While in Manila last month, I had the opportunity to help friends set up an internet cafe business of their own. It was a new business venture and a specially stressful process for them since none in the family, except for a son who is an IT graduate, was in any way familiar with the cafe business or particularly computer savvy.
I, myself, am no computer geek but I have a basic working knowledge of computer hardware and software which came in handy when I found myself immersed, for the first time, in the onerous task of getting a bunch of newly assembled PC's loaded with the proper software and making sure that they were ready to hum and communicate faultlessly together as a network. The work became a unique learning process for me.
The whole experience also taught me a lot of the minutiae and details that go into putting up a new computer rental and internet cafe business and has made me appreciate the difficulties and obstacles inherent in starting a enterprise of that nature. I emphasize this point because the internet cafe is a hideously complex undertaking for someone who may not be knowledgeable or familiar with the workings of modern information technology.
Woe, therefore, to the unfortunate individual who jumps into that kind of business undertaking without doing the proper research or getting the necessary necessary advice from experts. Such an ill-advised move can quickly end up a very costly mistake.
In Lianga, internet cafes have been part of the landscape since access to the internet was made possible in late 2006 with the entry of SMART Communications' Smart Bro wireless broadband internet access service. Even today that company remains the community sole ISP provider for both home and commercial computer systems since no telephone and data landlines exist in the general area.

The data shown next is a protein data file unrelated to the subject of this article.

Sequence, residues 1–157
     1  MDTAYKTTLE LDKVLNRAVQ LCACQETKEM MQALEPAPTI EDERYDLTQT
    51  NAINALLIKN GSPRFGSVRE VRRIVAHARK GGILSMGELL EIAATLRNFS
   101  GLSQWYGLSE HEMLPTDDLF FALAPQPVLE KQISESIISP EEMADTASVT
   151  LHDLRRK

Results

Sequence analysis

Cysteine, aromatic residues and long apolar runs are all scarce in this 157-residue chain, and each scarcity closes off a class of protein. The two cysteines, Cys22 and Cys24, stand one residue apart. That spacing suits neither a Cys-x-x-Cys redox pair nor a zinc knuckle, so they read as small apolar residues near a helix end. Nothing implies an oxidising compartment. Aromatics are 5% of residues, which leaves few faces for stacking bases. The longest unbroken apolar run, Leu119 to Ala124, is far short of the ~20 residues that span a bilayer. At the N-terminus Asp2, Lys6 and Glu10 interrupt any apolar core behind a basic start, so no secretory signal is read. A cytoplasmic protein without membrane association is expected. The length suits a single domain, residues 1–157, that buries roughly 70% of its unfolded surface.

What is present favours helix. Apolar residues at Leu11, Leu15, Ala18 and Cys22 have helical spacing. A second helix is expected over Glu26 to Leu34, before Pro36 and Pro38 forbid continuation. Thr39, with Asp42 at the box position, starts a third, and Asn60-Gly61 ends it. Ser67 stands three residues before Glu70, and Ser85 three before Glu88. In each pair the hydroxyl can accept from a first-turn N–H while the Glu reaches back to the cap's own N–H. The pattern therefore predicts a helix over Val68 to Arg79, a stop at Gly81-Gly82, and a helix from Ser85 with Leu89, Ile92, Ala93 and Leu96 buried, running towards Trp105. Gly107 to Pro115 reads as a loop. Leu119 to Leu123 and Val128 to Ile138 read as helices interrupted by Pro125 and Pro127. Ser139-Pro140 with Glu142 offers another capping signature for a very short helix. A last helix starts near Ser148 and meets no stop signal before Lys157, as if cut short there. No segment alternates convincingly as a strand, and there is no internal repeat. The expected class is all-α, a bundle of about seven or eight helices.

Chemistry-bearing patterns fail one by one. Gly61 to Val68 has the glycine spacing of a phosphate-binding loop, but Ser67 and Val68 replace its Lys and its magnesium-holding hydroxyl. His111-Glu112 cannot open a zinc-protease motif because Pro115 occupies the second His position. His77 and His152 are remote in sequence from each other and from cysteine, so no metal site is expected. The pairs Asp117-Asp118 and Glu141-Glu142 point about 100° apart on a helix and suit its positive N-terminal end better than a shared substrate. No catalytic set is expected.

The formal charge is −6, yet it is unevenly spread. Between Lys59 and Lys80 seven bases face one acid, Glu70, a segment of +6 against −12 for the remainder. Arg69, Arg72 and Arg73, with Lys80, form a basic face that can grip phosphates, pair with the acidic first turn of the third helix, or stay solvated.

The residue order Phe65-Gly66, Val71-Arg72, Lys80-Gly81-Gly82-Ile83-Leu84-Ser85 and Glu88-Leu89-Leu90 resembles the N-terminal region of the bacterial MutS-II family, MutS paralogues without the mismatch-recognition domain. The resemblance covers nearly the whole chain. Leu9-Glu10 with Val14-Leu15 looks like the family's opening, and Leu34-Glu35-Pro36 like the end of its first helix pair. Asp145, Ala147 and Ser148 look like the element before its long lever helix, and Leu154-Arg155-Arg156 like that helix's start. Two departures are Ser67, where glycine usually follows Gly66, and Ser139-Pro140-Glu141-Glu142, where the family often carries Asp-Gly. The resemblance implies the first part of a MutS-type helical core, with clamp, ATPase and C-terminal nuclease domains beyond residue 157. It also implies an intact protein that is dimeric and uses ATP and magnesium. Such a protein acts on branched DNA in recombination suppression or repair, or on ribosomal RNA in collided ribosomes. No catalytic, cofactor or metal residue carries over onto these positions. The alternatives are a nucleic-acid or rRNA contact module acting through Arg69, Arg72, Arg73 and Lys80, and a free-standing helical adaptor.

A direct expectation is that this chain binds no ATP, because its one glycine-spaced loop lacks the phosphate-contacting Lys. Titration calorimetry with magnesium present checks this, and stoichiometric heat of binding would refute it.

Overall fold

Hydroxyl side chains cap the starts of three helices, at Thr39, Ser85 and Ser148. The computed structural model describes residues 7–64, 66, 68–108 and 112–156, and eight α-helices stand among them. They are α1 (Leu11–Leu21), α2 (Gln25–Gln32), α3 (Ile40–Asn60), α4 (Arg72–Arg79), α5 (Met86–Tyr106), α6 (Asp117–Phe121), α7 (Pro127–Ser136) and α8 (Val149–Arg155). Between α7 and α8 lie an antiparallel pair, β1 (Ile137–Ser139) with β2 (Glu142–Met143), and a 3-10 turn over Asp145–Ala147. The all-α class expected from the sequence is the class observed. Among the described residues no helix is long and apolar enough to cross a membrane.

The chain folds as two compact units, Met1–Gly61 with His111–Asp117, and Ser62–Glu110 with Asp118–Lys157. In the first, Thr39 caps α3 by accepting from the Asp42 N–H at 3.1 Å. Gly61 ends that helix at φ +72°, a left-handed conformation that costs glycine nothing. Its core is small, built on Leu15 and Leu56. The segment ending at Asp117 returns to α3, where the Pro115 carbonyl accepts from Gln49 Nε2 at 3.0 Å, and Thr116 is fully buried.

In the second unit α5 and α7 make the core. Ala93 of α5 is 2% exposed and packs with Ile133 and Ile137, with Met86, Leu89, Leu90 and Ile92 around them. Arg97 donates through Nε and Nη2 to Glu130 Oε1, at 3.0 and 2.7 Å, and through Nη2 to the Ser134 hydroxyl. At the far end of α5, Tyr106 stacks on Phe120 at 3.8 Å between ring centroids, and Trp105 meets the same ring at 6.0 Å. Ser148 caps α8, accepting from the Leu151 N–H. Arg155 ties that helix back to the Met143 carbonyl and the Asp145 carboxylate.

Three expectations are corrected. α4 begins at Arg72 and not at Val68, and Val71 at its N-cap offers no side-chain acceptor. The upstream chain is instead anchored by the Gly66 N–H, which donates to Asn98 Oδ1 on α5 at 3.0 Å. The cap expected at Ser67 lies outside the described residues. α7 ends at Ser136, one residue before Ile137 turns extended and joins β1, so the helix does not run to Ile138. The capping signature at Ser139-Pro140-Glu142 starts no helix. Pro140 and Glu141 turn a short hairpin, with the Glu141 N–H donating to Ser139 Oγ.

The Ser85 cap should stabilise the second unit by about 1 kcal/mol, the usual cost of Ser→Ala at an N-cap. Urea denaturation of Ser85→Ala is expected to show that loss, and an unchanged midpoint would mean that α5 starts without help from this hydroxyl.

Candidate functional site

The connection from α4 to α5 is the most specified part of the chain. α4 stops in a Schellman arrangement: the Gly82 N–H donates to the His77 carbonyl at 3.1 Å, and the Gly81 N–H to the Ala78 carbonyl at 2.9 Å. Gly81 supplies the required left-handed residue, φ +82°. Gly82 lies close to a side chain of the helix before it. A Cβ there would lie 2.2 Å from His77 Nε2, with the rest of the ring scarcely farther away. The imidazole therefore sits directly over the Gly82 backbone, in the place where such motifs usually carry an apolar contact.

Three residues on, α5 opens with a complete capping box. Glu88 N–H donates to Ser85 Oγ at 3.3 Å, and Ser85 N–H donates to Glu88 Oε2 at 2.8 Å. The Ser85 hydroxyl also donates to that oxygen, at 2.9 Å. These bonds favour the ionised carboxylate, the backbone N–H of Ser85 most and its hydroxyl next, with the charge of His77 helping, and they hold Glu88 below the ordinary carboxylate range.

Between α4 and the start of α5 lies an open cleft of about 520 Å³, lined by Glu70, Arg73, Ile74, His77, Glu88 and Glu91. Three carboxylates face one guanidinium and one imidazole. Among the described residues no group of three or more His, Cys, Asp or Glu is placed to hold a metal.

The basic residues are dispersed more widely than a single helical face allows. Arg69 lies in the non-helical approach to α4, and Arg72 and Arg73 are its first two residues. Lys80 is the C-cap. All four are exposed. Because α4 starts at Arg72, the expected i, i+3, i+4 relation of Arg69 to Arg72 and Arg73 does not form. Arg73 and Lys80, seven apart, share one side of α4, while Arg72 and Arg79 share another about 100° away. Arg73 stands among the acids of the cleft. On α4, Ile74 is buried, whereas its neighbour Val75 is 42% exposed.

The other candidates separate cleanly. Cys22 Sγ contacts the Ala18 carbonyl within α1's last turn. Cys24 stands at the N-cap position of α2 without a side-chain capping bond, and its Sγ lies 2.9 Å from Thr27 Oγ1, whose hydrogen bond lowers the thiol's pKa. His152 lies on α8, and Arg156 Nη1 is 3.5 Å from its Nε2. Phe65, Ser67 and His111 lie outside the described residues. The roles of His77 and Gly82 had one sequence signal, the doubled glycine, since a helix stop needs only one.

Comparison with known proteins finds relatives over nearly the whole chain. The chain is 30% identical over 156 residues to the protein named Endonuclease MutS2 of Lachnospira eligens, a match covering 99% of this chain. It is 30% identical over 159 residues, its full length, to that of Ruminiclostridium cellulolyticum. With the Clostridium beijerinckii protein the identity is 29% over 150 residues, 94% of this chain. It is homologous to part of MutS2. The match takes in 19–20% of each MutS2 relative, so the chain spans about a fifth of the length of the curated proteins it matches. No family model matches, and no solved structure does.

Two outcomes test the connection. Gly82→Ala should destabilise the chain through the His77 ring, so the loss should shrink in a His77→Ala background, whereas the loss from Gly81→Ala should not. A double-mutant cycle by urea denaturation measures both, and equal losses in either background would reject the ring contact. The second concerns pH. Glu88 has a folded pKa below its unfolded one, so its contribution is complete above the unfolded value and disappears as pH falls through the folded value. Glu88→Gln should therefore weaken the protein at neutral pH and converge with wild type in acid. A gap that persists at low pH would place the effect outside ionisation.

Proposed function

Computer use and ownership in the town has been growing at a steady rate with the more affordable prices of computer components in the domestic Philippine market in recent years. But the high cost of getting hooked up to an ISP and thus the internet has kept the number of home computers with Web surfing capability low. This has made internet cafes a more than viable business locally in a population that is growing more and more computer and Web literate every year.
For 20 pesos or less than 50 cents in U.S. currency, one can have access to a computer with an internet connection for an hour. For most local Web surfers, that small indulgence is considered money well spent even in an economy where frugality is becoming more and more of a necessity rather than merely a virtue to emulate.
Local internet cafe owners tell me that approximately 60 to 70 percent of their customers are young students and minors who play computer games particularly of the network, online or MMORPG (massively multiplayer online role-playing game) kind. Most of them also indulge in social networking websites like Friendster and Facebook or engage in online chats with contacts all over the world via Yahoo Messenger or Skype.
Most of adult customers use the cafes to view, check and send e-mails. Text, voice or video chatting are also popular pastimes for many in this part of the world where few families don't have members are working or living abroad. In many ways, the internet cafes have become virtual bridges, closing the gaps between the vast physical distances that separate people.
Despite their complaints about falling revenues as as result of the economic crises and higher operating costs, I have no doubt that the internet cafe business is here to stay in Lianga. In most cases, local cyber-hangouts like Angel's, Wilabs or Jag's will continue to do well as long as they continue to innovate and keep up with the latest advances in IT technology.
Lianga may be for some a town in the boondocks but even here computers and the internet, like the ubiquitous cellular phones, have become part of the tapestry of everyday life. Life is no longer the same without these electronic and digital gateways, "stargates" if you will, to cyberspace.
I should know that for a fact. Without them I would be at a great loss. A great loss, indeed.